“It’s ok. Goonies make mistakes. Just don’t make anymore.”
You’re going to screw up during a run. At some point, you’re going to make a mistake and need to recalibrate, adjust, or bring yourself back from the brink of disaster. It’s ok.
Plans are amazing and I make quite a few of them – from how I’ll clean my house on a day off to how I’ll handle my gel intake during a long run, I’ve got a plan for that. But in nearly every scenario the plan will inevitably break down and need adjusting. It’s not so difficult when my dogs come charging in covered in mud and make me refocus from laundry to mopping the floors. It is difficult when I’m twenty miles deep and realize I’m dehydrated and the cramps are setting in as my body begins to revolt.
Mistakes happen. What do you do next?
First, take a moment to be frustrated with yourself. Emotions aren’t the enemy. It’s how you handle them and how much control you give them that can be the problem. Kick a pine cone, shout ‘fuck you’ at a squirrel nearby, or hurl that pine cone you just kicked at said squirrel because it probably deserves it anyway (squirrels are evil and I stand by this statement).
Now that the frustration has passed, plan you’re way out of the hole. If it is dehydration, go easy. Don’t down a bunch of water at once and think that it will magically correct the deficit. Sip on your water continuously while taking a couple of gels over the next hour. Slow down your pace to avoid overexertion that would make your body pump out more sweat and keep you from regaining balance. And if you happen upon an aid station during this time, take a load off and chat for a while to let your body do what it does best in the background without you getting in the way.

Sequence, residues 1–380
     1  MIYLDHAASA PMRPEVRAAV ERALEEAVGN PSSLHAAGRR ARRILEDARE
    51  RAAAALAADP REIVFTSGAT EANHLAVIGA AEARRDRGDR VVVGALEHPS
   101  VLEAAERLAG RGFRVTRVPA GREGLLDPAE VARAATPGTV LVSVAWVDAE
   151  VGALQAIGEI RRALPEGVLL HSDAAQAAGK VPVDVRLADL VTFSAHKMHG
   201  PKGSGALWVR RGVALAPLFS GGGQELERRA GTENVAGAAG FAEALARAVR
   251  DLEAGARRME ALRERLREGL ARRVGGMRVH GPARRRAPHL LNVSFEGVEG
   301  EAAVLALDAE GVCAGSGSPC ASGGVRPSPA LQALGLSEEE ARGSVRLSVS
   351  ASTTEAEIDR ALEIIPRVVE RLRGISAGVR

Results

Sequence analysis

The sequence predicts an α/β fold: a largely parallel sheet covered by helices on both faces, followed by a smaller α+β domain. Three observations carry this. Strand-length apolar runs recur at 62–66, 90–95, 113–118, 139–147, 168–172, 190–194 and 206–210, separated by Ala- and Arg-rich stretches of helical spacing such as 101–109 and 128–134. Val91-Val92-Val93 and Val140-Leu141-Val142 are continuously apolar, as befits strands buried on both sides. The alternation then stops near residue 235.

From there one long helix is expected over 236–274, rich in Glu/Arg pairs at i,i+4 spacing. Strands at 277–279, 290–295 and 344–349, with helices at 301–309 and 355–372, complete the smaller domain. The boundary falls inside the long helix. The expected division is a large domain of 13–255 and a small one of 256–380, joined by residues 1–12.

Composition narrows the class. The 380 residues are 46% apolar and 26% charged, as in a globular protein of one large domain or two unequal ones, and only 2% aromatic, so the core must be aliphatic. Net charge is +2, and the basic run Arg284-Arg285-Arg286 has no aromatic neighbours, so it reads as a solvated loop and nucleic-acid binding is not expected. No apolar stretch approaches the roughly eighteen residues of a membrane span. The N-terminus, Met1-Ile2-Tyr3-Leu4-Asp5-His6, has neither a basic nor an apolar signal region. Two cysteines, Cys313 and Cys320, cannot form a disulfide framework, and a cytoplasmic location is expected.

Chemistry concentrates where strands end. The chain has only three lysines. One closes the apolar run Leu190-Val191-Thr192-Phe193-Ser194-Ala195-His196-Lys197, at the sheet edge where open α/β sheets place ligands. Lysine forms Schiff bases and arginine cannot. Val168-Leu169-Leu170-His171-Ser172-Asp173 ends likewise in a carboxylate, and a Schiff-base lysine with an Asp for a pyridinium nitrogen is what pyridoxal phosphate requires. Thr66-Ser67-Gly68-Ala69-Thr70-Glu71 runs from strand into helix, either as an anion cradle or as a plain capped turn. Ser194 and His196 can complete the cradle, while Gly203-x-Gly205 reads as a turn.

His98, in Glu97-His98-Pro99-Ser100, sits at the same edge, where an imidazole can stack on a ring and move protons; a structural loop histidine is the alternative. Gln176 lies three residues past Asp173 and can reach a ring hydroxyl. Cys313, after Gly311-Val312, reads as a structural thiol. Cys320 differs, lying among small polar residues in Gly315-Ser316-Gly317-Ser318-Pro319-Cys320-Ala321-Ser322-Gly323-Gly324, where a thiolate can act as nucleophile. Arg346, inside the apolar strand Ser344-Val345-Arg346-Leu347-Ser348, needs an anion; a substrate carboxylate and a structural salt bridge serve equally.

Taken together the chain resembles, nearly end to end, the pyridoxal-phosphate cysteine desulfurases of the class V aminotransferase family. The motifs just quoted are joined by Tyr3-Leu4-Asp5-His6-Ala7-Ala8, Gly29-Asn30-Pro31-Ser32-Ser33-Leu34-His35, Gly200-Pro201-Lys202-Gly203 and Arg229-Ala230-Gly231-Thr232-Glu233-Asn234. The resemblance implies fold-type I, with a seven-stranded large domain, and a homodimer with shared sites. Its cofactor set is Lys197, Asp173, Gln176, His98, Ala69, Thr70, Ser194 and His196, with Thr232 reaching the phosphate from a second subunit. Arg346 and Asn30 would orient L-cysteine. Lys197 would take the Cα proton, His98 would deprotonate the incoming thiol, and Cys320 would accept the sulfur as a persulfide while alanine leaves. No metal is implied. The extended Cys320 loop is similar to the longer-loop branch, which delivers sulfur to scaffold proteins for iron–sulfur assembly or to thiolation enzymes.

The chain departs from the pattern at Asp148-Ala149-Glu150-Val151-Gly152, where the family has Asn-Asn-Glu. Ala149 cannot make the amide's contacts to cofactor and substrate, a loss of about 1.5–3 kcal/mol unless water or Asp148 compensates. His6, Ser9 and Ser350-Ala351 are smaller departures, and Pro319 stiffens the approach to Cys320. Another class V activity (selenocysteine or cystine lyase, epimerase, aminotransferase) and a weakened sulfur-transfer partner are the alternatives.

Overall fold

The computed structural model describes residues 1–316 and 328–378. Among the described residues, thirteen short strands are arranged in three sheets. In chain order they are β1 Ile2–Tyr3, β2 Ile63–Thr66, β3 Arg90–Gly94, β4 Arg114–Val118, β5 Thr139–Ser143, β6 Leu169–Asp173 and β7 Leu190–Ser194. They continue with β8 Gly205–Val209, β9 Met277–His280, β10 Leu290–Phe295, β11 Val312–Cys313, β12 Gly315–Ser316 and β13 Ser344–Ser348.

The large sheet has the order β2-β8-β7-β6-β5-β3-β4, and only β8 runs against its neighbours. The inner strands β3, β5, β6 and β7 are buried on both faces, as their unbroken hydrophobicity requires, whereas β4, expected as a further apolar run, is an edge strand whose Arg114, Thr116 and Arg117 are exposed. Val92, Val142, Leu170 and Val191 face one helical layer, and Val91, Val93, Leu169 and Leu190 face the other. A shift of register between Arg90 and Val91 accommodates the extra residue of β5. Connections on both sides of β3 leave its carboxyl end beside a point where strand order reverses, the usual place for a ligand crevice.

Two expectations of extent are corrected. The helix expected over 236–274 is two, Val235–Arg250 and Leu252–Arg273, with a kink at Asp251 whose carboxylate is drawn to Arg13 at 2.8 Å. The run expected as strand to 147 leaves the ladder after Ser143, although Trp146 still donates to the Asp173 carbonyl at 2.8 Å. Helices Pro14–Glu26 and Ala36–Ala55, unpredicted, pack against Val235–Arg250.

Mistakes will change the course of your plan and will almost inevitably affect the outcome you had been anticipating. But adaptation is necessary. Carrying on through mistakes is how we learn.
And know it’s ok to screw up, because why the hell shouldn’t it be.
I’m betting money you’re not a professional runner because the vast majority of us aren’t. You do not get paid to be in perfect shape or to spend hours grueling over your training plan to try to find the weak spots.
Goonies make mistakes. And if trail runners aren’t grown-up Goonies chasing down One-Eyed Willie’s treasure, then I don’t know what the hell we are. However you choose to describe running – sport, activity, mud stomping fun – we are still adults playing in the woods while the rest of the world stares at us like we’re the weird kids your parents made you play with (hands up if you’re that kid… Our parent’s made Rory play with me).
Whatever happens, whatever tries to drag you down and destroy your plans, you can make it through. Because Goonies might make mistakes, but Goonies never say die!